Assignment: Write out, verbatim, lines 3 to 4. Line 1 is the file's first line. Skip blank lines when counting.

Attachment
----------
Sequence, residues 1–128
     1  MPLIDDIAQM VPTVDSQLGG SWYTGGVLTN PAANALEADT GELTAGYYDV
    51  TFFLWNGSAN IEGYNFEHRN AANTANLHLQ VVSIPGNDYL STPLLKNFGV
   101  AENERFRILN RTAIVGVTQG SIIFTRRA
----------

    51  TFFLWNGSAN IEGYNFEHRN AANTANLHLQ VVSIPGNDYL STPLLKNFGV
   101  AENERFRILN RTAIVGVTQG SIIFTRRA